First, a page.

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Honors English I Vocabulary. Lesson 1: Our changing vocabulary. Acronym. (Noun) A word formed from the initial letters of a name or by combining initial letters or parts of a series of words

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Honors English I Vocabulary

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honors english i vocabulary

Honors English I Vocabulary

Lesson 1: Our changing vocabulary

  • (Noun) A word formed from the initial letters of a name or by combining initial letters or parts of a series of words
  • Example: Acronyms are frequently used in official and political circles to shorten long titles of organizations or systems.
  • (noun)
    • A word element, such as a prefix or suffix, that is attached to a base, stem, or root.
    • Something that is attached, joined or added
  • (verb)

a. to secure (an object) to another; attach

b. to place at the end

  • Example: The word reappearance has two affixes: re- and -ance
  • (noun)
    • The invention of new words
    • An invented word or phrase
    • The process of making coins
  • Example: The word hobbit was a coinage of J. R. R. Tolkien
  • (adjective)
    • Used in or suitable to spoken language or to writing that imitates speech; conversational
    • Informal in style of expression
  • Example: Connie suggested to Joe that he substitute “narrow escape” for his colloquial expression “a close call.”
  • (noun) The use of a word sounding somewhat like the one intended but humorously wrong in the context.
  • Example: In Sheridan’s eighteenth-century play, The Rivals, Mrs. Malaprop makes such malapropisms as “the very pineapple of politeness” for “the very pinnacle of politeness.”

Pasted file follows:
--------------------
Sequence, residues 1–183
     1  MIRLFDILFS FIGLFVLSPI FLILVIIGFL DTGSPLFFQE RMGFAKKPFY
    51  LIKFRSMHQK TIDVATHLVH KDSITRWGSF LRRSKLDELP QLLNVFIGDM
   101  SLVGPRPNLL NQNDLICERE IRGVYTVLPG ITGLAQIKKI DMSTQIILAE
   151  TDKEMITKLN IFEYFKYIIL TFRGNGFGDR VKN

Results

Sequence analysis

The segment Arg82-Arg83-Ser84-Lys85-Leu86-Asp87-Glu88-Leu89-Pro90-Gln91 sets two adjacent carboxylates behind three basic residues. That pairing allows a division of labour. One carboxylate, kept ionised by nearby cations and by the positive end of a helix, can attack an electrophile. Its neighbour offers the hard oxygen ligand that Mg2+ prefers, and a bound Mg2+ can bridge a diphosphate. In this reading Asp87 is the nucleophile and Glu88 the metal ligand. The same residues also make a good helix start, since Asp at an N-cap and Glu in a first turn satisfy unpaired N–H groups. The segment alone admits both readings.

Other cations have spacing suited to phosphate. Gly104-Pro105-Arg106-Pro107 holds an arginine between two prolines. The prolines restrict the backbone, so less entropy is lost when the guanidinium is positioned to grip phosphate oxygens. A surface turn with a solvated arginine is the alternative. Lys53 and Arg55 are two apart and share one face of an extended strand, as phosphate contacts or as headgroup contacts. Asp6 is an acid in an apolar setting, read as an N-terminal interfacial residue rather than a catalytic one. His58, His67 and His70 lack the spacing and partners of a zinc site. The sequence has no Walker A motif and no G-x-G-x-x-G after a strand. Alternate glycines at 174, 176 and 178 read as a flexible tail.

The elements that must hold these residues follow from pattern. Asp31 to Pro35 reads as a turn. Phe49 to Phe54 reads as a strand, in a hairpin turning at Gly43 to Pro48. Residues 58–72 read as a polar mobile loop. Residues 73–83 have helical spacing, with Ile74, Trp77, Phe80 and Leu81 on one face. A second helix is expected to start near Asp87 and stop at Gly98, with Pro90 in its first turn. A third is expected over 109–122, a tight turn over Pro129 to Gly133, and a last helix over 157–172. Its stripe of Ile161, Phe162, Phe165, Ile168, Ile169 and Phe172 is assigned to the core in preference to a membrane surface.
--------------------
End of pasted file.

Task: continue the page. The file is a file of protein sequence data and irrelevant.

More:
• (noun) The formation or use of a word that imitates or resembles what it stands for.
  • Example: Buzz and hiss are examples of onomatopoeia that the poet used to make the meadow come alive.
  • (noun) A word, phrase, or sentence that reads the same backward or forward.
  • Example: “A man, a plan, a canal, Panama” was the only palindrome that Richard could remember.
portmanteau word
Portmanteau word
  • ( compound noun) A word formed by merging the sounds and meanings of two different words; blend.
  • Example: Arlin didn’t realize that the word slithy in Lewis Carroll’s poem “Jabberwocky” is a portmanteau word formed from slimy and lithe.
  • (noun) A figure of speech in which two essentially unlike things are compared, often in a phrase introduced by like or as.
  • Example: Some similes, such as “hungry as a bear” and “sly like a fox,” are considered to be overused.
  • (noun) An accidental but humorous distortion of words in a phrase formed by interchanging the initial sounds: the tons of soil rather than the sons of toil.
  • Example: The word spoonerism comes from the name of William A. Spooner, an English clergyman who was noted for such verbal slips.